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Old 11-24-07, 09:06 AM   #7
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I followed that plan last year and it worked surprising well. I "sat" in for several weeks. Nothing like getting shelled on a number of group rides to get your focus. After a while I became a regular and worked at staying with the pack and doing my share. Some of these were real suffer fests but worth it. The great side benefit was I also met some great people!

I also enlisted the advice of a coach because at 46 I wanted to remain injury free and still get good results.

Quote:
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^

good memory.

Bike Racing for Beginners: How to get started


1. Find some group rides, fast group rides. Sit in the back.
2. Don't get discouraged if/when you get dropped from those group rides.
3. Go back the following week and do the fast group ride again.
4. If you're dropped a 2nd time, repeat steps 2 & 3
5. Once you're comfortable with the group and pace (and vice versa), take some pulls.
6. Once you're comfortable taking pulls, try some attacks (if it's that kind of group ride).
7. Once you're comfortable with steps 5 & 6, it's time to enter a race.
8. At your first race, repeat steps 1-6, but substitute 'race' for 'group ride'.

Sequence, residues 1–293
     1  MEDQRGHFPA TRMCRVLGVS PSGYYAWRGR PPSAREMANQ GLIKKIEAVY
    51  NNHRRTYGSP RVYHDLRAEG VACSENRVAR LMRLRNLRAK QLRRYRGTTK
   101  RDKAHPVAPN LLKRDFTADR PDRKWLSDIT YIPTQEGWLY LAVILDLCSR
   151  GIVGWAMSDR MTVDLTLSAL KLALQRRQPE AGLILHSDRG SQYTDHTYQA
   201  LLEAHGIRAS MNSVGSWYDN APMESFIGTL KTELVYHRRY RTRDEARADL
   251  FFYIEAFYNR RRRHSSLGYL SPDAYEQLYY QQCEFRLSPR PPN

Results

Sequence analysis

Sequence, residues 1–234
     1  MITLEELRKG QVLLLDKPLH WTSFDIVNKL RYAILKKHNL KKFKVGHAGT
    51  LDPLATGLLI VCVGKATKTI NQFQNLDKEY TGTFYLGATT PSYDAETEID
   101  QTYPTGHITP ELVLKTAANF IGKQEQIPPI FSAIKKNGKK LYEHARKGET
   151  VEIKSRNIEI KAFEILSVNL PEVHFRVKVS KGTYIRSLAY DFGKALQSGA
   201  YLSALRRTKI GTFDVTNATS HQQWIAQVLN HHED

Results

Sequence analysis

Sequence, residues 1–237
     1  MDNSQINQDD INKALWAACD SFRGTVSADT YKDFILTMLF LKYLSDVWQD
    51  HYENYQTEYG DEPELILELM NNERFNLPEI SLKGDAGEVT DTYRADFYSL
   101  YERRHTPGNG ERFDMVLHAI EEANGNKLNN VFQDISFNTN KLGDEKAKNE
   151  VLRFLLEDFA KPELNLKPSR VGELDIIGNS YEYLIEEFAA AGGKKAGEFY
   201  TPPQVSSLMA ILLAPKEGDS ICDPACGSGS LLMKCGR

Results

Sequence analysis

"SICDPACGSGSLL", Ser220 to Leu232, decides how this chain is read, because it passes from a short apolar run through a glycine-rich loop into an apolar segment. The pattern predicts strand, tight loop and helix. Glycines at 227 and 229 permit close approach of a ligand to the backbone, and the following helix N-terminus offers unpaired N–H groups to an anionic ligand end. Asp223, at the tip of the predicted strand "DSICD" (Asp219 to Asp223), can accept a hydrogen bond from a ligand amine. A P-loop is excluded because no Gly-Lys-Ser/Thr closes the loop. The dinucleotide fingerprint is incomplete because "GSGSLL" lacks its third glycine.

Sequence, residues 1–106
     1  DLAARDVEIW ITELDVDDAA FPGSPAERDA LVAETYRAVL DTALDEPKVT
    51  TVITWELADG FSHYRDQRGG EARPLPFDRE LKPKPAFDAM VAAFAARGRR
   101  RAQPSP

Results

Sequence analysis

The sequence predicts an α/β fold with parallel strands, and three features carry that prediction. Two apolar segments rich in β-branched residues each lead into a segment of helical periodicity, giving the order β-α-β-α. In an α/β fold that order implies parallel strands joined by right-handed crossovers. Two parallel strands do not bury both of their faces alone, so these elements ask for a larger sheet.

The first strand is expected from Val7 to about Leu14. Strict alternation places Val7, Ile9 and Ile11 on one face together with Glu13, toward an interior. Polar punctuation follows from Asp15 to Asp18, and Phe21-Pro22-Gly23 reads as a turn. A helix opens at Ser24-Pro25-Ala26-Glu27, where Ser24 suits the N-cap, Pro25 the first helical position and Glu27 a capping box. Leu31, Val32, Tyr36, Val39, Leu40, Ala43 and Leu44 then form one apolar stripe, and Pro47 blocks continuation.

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Old 11-24-07, 11:45 AM   #8
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Originally Posted by deadly downtube View Post
expect.... pain...
You never know. The OP may be the one inflicting the hurt. You'll never know until you try.

All that being said, yes indeed, expect pain. But as Lance points out, it's cleansing. Like the Spanish Inquisition. At least the Inquisition didn't require you to lay out $5K+ for gear to participate.



I wonder if Zipp made that wheel?
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Old 11-24-07, 01:15 PM   #9
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I cant give you advice as Im only beginning to enter the world of racing myself at 40, props to you for entering at 50!
Ill make sure to follow your race reports and I look forward to it.
good luck!
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Old 11-24-07, 01:16 PM   #10
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I followed that plan last year and it worked surprising well. I "sat" in for several weeks. Nothing like getting shelled on a number of group rides to get your focus. After a while I became a regular and worked at staying with the pack and doing my share. Some of these were real suffer fests but worth it. The great side benefit was I also met some great people!

I also enlisted the advice of a coach because at 46 I wanted to remain injury free and still get good results.
Nice to hear from someone who's gone through it, at about my same age. I'm still working on bike control at the moment. I've only had the bike a month and with the time change, work, etc. I've only be able to get out once a week so far. I want to get the control issue behind me before I start entering into groups. I would hate like hell to make a bobble or weave and take someone out.

Between working on the handling skills, spinning on the trainer once it gets colder over the next couple of months, and continuing to do my weight training and keeping my diet clean, I plan to be ready for serious training come spring and I like everyone's suggestion of sitting in on the fast group rides.
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Old 11-24-07, 01:41 PM   #11